Community members including kids ranging from toddlers to teenagers gathered at the side of Dominion Energy Cove Point’s proposed Charles Station fracked gas compressor station early this morning while a person on a tractor blocked the driveway to prevent tree-cutters from continuing to do irreversible harm to the 13.3 acres of forest, which includes habitat of the endangered northern long-eared bat. It is the second protest at the site in a week.
The blockade, which lasted approximately four hours, was representative of the obstacle first responders might face if they needed to access the site after a heavy rain, snow, or wind storm, when it might be impossible to reach because of flooding, downed trees, or deep snow. Already in 2018 the road has flooded more than once, and trees and power lines have gone down near Dominion’s driveway.
The community is calling on the Charles County Board of Appeals to protect them from the dangerous and unwarranted Charles Station compressor station. The Charles Station proposal is a key link between Pennsylvanian fracking fields and what is becoming a sprawling network of fracked gas infrastructure in Southern Maryland, including the Cove Point export terminal and several power plants. If built, it would not benefit the people who would be forced to shoulder a huge amount of risk.
The Federal Energy Regulatory Commission (FERC) has granted a Certificate of Public Convenience and Necessity for the project, but at least two levels of permission remain to be secured. The FERC approval cannot override the Maryland Department of the Environment (MDE), should MDE decide to deny the air quality permit for the project. MDE cannot deny or grant the permit if the Charles County Board of Appeals rules against Dominion’s zoning special-exception application. Therefore, the Board of Appeals is in a unique position to protect residents.
Much has been made of the FERC’s power of preemption over local decision-making, but it is not an automatic process. In fact, it would likely involve a lengthy court battle. Indeed, FERC cannot preempt the MDE at all.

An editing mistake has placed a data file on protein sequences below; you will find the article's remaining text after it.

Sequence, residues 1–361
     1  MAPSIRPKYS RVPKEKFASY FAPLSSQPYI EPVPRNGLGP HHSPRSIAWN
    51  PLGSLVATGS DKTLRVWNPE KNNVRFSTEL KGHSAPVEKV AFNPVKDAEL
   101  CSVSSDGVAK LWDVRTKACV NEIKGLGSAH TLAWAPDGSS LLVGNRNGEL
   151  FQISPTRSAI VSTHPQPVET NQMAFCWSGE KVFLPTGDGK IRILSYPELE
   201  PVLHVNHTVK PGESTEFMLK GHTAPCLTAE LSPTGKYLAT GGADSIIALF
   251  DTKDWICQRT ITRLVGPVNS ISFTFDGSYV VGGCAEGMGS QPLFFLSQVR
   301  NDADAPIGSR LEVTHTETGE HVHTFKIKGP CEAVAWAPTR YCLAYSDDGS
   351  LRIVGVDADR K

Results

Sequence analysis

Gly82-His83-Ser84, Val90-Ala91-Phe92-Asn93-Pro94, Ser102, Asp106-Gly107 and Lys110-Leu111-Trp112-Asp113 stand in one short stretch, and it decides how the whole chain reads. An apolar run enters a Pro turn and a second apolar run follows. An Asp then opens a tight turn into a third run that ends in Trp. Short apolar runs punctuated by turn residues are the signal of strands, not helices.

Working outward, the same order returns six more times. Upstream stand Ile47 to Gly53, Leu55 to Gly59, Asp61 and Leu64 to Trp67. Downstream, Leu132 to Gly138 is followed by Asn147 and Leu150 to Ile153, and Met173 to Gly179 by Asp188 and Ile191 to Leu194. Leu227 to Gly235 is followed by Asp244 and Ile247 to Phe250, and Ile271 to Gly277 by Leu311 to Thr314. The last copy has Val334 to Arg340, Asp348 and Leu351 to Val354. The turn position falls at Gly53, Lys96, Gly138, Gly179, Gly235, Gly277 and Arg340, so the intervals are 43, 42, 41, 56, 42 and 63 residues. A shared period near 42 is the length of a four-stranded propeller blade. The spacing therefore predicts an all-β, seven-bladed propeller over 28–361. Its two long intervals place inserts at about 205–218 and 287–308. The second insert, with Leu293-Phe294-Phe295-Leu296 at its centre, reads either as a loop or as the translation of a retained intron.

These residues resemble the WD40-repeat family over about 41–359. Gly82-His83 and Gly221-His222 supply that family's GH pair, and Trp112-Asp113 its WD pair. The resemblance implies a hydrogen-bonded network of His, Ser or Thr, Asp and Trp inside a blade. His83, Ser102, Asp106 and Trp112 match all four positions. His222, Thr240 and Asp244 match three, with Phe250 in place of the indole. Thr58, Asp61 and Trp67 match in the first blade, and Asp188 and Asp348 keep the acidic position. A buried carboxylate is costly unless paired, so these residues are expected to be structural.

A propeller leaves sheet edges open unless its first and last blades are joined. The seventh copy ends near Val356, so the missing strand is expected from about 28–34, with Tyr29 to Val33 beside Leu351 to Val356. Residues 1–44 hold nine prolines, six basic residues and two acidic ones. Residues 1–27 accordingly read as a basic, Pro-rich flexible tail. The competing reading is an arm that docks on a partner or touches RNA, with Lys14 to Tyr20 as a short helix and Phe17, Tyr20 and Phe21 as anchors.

By beginning work on the project without final approval, “Dominion is thumbing its nose at Charles County’s Board of Appeals, which has not yet ruled on Dominion Energy’s application for a zoning special exception to build a compressor station on the Dominion Cove Point Pipeline,” said Kelly Canavan of Accokeek and president of the AMP Creeks Council. The next Board of Appeals hearing is tomorrow night. Community members are angry that Dominion refused to hold off until local and state processes are allowed to unfold, and before irreparable harm is done to the ecosystem on Barry’s Hill Road.
The community has overwhelmingly expressed outrage at the danger that a fracked gas compressor station would bring. Residents worry about the possibility of a catastrophic event such as a fire or explosion. While local first responders have the community’s deep respect, fighting a fire would be extremely difficult at the project site because the closest fire hydrant is about a mile and a half away. Through no fault of their own, responders are not equipped to fight a fire of the magnitude that might occur at the compressor station if it is built.
Residents are also worried about the long-term effects of toxic and carcinogenic air pollutants that would be emitted from the plant, affecting residents up to thirty miles away. “I have lived here – my favorite place on earth – for my entire life. If that compressor station is built, I will be forced to move to protect my family rather than see us slowly poisoned or rapidly incinerated. Dominion should not be able to take my community and home,” said Canavan.
Charles Station would push gas to the Dominion Cove Point export terminal, new Washington Gas and Light taps, and the embattled Mattawoman Energy Center power plant proposed for Brandywine (although that project is currently listed as “suspended”). Over the last five years, several new gas-fueled power plants have opened in Southern Maryland, and the export terminal has just come online. This runs counter to Marylanders’ opposition to fracking. The gas that would run through Charles Station would not come from Maryland, but it would significantly increase fracking in Pennsylvania. “The cumulative impact of this build-out on climate change and human and environmental health will be severe,” Deborah Buelow of Accokeek said.